The Corner

A Mom and a Dad Make a Difference

As you may have heard (see here, here), Mark Regnerus has important new research on what same-sex parenting means in the life of a child. Regnerus, a professor in the department of sociology and at the Population Research Center at University of Texas at Austin, has published some results of a New Family Structures Study, “a rare large, probability-sample-based study reveals significant and numerous differences between the adult children (ages 18–39) of intact, biological, married families and those of parents who’ve had same-sex relationships.” The clear takeaway from the research is confirmation that a married mom and dad make a positive difference in the life of a child. As Regnerus puts it in Slate, “the stable, two-parent biological married model [is] the far more common and accomplished workhorse of the American household, and still — according to the data, at least — the safest place for a kid.”

Regnerus answers some questions on the research:

Lopez: How is the life of a child raised in a same-sex household different than the life of a child raised with a mother and father? 

Regnerus: Well, in the generation that are adults now, kids raised in a same-sex household were more likely to experience instability and shifting household arrangements. For example, 14 percent of kids whose moms had a lesbian relationship reported spending more time in foster care, well above the average of 2 percent among all respondents.

#more#Lopez: How is it different than a child growing up with a single mother raising him or a single father raising her? Or a grandmother or . . .  there are all kinds of scenarios, of course? Why focus on same-sex households?

Regnerus: Yes, many scenarios are possible, and for kids whose mothers had a same-sex relationship, they were more likely to experience a variety of senarios, including living with grandparents. Why the focus on same-sex households? That was the key research question, basically. We wanted to know if the “no differences” thesis that has become almost an assumption in scholarly circles was true when put to the test of a large, nationally representative sample and a detailed survey of lots of different outcomes.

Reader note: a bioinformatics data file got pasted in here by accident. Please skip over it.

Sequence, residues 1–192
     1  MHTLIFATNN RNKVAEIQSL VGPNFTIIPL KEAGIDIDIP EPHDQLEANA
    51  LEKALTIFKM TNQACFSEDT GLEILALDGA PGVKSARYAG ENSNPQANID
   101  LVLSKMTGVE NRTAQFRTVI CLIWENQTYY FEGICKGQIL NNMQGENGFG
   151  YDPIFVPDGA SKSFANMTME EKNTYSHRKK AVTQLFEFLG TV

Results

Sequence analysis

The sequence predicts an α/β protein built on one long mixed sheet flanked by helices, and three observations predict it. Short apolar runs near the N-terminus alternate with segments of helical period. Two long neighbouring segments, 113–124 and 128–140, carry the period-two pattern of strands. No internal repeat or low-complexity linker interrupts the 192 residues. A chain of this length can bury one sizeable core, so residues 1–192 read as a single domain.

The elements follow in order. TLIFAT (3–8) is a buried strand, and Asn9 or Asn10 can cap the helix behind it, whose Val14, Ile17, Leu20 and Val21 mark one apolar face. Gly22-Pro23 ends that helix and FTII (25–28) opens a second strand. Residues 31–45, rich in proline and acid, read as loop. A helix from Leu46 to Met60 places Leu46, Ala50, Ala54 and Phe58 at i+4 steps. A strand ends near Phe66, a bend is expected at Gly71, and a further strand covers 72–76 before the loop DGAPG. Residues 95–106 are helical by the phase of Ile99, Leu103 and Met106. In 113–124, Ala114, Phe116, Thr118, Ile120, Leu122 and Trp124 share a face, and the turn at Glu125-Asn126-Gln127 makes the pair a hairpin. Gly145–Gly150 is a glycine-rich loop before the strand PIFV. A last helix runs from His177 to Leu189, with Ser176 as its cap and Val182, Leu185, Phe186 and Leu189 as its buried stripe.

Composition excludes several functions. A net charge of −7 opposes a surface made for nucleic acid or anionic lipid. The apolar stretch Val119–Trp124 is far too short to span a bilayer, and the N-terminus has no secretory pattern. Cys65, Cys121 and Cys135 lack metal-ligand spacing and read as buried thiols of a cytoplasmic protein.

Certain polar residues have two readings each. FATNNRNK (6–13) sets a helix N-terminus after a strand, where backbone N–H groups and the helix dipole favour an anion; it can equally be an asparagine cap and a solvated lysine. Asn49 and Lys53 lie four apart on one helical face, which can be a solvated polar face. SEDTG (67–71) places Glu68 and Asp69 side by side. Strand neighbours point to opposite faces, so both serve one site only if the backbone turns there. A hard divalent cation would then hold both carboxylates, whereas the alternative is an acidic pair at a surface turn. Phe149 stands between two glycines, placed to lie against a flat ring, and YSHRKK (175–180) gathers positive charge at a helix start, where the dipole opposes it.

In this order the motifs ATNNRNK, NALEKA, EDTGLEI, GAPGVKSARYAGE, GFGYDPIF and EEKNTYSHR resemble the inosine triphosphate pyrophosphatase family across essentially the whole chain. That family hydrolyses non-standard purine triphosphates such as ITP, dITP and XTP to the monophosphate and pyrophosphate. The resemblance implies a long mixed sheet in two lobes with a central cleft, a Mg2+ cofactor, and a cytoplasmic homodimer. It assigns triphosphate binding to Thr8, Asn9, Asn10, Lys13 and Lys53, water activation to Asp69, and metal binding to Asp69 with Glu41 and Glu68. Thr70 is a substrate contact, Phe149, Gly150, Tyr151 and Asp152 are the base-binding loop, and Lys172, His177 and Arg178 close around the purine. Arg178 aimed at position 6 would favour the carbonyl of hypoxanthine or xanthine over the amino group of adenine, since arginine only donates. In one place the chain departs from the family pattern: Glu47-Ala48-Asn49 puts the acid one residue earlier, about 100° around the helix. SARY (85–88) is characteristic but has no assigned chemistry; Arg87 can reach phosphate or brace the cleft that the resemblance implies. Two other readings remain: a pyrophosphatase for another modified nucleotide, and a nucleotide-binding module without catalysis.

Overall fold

Lopez: So are young adults from step- and single-parent families much different? What is the gold standard?

Regnerus: Yes, adults who lived in step- and single-parent families exhibit a variety of differences, on average, from the gold standard of a married mom and dad (who are still together when the respondent is an adult). It calls into question, in fact, the common “wait till the kids are out of the house to divorce” mentality.

Lopez: What is the reigning academic view of children in same-sex families? How does this study depart from that view? Do you anticipate engagement from academia? 

Regnerus: No substantive differences, on things that matter. That’s been the emergent view. This study definitely affirms that there is a gold standard. Yes, I anticipate engagement from scholars, and that is fine and welcome. I think there is plenty we can agree on.

Lopez: Why are the outcomes of this study so different from the conventional academic wisdom? How is the methodology different?

 

Regnerus: Methods, basically. Too much previous reliance on small and/or nonprobability samples, especially of white, educated, coupled lesbian families. The reality is much more diverse than that. Demographers have known that, and the New Family Structures Study confirms that. 

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